Fatih Akın’s movie on the Armenian question

Fatih Akın’s movie on the Armenian question

I watched Fatih Akın’s film “The Cut,” and there is no reason why this film should not be released in Turkey.

Yes, there are disturbing scenes: there is rape, there is slaughter. Yes, the atrocities committed by the Turks are present.

But this film is not one that attempts to stamp or abuse all of these issues. It is not trying to say: “Look, what kind of genocidal people these Turks are.”

There are good Turks also in the film, there are signs in the film that the massacres were not systematic. There are references in the film that most of the rapes and massacres stemmed from deserters. The film also shows how Turks were subject to attacks while leaving Arabian lands. There are outcries in the film that cruelty and brutality does not have a race.

There are of course deficiencies in the film. The biggest one is that the film does not say one word concerning why the Ottoman administration of the time launched those unacceptable practices against the Armenians.  

In the film, everything starts in 1915.

Director Fatih Akın, on this shortcoming, said, “I did not make a genocide movie. I am telling the story of an Armenian ironsmith from Mardin who has no knowledge of any political development. I viewed the events from his window. For him, everything started in 1915. That’s the reason I started there.”

Only the first 40 minutes of the film depict “the atrocities the Turks committed against the Armenians.” The rest focuses on the man searching for his family, a journey that starts in the Middle East and takes him all the way to Cuba and the United States.

We can say this film is more of a “search film.”

The English name of the film is “The Cut.” It will be released in Turkey as “Kesik” (The Cut).

Tahar Rahim, the French actor of Algerian descent, does a good job in portraying the Armenian ironsmith from Mardin. Also featuring in the film is the actor of Armenian descent, Kevork Malikyan, who was born in Diyarbakır.

The soundtrack of the film is also very good. Armenian requiems and lullabies are abundant throughout the movie.

This film is very much out of the box compared to Akın’s other movies. It has an epic style that tries to move you, make you think and be poignant. He attempts to produce a movie similar to Roman Polonski’s “Pianist,” but fails in my opinion.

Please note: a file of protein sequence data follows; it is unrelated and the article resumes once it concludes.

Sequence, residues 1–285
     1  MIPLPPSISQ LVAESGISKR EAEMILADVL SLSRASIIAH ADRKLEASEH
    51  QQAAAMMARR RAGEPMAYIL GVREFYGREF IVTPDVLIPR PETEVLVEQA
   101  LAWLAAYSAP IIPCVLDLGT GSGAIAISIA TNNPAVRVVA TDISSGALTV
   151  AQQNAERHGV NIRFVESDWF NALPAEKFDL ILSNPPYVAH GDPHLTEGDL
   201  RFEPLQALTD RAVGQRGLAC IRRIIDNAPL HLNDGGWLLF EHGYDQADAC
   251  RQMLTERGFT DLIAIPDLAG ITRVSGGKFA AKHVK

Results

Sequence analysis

The film is 2 hours 28 minutes in length. It is an expensive film as well, costing around $15 million, which is three times more expensive than his last movie. Still, the setting, cinematography and costumes are perfect.

All the Armenians in the film speak English. Turks, on the hand, speak Turkish. Well, the Arabs are also speaking Arabic, but the fact that Armenians speak English seems to generate a prejudice from the start. Fatih Akın said the Armenians in the film were speaking English because of technical reasons.

The festival audience liked the film. There was a long applause after it ended. An Armenian woman sitting next to me could not stop crying throughout the movie.

However, film critics did not like the movie that much.

Among the viewers was Hrank Dink’s widow, Rakel Dink. I asked her how she liked it. She said, “It was moving. I cried during the whole movie. It was depicted beautifully, the actors were perfect. I hope this film causes empathy.”

Fatih Akın said, “The German press is writing and concluding that this film will not be shown in Turkey, that Turks would not allow it. We should not confirm these comments. This film has to be released in Turkey.”

The director also said this about the film’s release in Turkey: “This is a movie... Let people watch it and then they can react after watching the film. Those who do not like it or who oppose it should come out and do so. But, prejudice should not be the only motivation, without watching it. That is my only wish.”